The film points out that “participatory economics,” in which people work cooperatively and share in the economic rewards is less wasteful of resources and more socially uplifting than our present hierarchical economy, which materially benefits the elites at the top of the hierarchy, increasingly so with each passing year.
I’ve never understood greed or the desire to control others, which go hand in hand. I admit it, I just don’t get it. It seems to me that an individual who seeks limitless amounts of wealth is trying to fill a bottomless hole in their soul with money. People who are content with their lives have no compulsion to acquire material things beyond what’s needed to survive. The motivation to control others often stems from a desire to elevate one’s low self-esteem, which one can witness by going to any airport in America today and watching the “security” personnel ply their trade. People who have a positive view of themselves do not need to dominate others.
Watching this film, it’s clear that truly evil people – monsters, really – have been, and are still working arduously to turn as much of humanity as possible into programmable machines. These monsters view themselves as superior – for they certainly don’t intend to apply the demonic fruits of their research on themselves – and view us as chattel, to be experimented on, used or abused and then discarded when we are worn out, with no more remorse than discarding a burned out light bulb.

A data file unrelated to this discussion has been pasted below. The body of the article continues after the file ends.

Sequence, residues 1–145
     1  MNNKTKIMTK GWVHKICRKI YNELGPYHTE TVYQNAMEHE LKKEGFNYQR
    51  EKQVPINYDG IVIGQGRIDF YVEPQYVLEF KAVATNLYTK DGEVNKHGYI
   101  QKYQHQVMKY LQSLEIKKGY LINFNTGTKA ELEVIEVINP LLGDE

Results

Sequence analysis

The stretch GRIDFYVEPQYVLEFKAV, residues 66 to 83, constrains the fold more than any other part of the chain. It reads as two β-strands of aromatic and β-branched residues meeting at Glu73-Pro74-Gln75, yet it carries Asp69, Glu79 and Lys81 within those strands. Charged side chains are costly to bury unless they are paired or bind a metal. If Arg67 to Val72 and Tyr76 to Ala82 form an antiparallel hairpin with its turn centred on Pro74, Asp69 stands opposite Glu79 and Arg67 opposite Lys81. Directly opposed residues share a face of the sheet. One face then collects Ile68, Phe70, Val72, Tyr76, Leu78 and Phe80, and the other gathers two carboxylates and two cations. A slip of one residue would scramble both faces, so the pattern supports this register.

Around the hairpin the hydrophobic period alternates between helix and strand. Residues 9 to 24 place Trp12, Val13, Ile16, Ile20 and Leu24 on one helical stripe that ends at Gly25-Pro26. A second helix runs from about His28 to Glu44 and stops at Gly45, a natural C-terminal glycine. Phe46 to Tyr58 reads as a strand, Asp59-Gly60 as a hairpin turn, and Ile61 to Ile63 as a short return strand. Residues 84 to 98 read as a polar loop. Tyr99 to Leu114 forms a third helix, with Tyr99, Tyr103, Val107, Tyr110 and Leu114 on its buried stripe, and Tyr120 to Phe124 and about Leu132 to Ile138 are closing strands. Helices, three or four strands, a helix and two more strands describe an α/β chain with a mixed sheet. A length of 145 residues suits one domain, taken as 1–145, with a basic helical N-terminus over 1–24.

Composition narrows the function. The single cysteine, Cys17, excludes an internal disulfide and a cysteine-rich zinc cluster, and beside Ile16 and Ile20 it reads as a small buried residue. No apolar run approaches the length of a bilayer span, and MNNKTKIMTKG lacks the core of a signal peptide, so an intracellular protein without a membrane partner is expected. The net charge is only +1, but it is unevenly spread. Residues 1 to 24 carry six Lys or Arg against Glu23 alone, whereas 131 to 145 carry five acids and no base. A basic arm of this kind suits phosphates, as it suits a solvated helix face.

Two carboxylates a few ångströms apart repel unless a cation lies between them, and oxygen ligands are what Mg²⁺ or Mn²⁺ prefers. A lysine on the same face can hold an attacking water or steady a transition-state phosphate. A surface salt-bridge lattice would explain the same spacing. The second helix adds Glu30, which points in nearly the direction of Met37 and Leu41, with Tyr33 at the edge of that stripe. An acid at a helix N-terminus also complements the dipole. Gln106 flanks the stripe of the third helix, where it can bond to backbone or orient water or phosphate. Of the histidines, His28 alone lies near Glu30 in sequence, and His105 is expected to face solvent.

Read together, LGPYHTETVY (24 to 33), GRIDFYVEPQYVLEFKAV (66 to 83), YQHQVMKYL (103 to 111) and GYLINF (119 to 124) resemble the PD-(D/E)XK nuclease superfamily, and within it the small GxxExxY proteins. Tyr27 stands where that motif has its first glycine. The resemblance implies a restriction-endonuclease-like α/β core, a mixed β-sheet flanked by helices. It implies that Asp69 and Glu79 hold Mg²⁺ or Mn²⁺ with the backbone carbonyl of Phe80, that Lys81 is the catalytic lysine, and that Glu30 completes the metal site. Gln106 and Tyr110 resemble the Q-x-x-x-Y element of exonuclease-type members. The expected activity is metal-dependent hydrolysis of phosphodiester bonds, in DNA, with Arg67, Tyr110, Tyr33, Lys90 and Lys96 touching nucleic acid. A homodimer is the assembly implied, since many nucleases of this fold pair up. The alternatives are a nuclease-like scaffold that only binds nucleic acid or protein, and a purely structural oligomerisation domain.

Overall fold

There hardly seems to be any point in even discussing these topics because the “masses” seem wholly content to be chattel, or sheople, as long as they have their junk food and television, their modern day bread and circuses. Nevertheless, I appreciate the tireless efforts of other writers to inform us, even if their efforts appear to be in vain, so maybe there is a point to all this writing after all.
In the meantime, I’m increasingly happy to be an “outsider,” an “outlaw” in a loose sense of the word, for as the film puts it, only outlaws can be free today.
Here is an excellent series of videos (Part 1, Part 2, Part 3, Part 4, Part 5) that tie into the “social engineering” theme of this post. They feature neurosurgeon Dr. Russell Blaylock discussing fluoride, vaccines, aspartame, their neurological consequences and their role in eugenics (i.e. social engineering). Maybe I’ll order a fluoride filter today...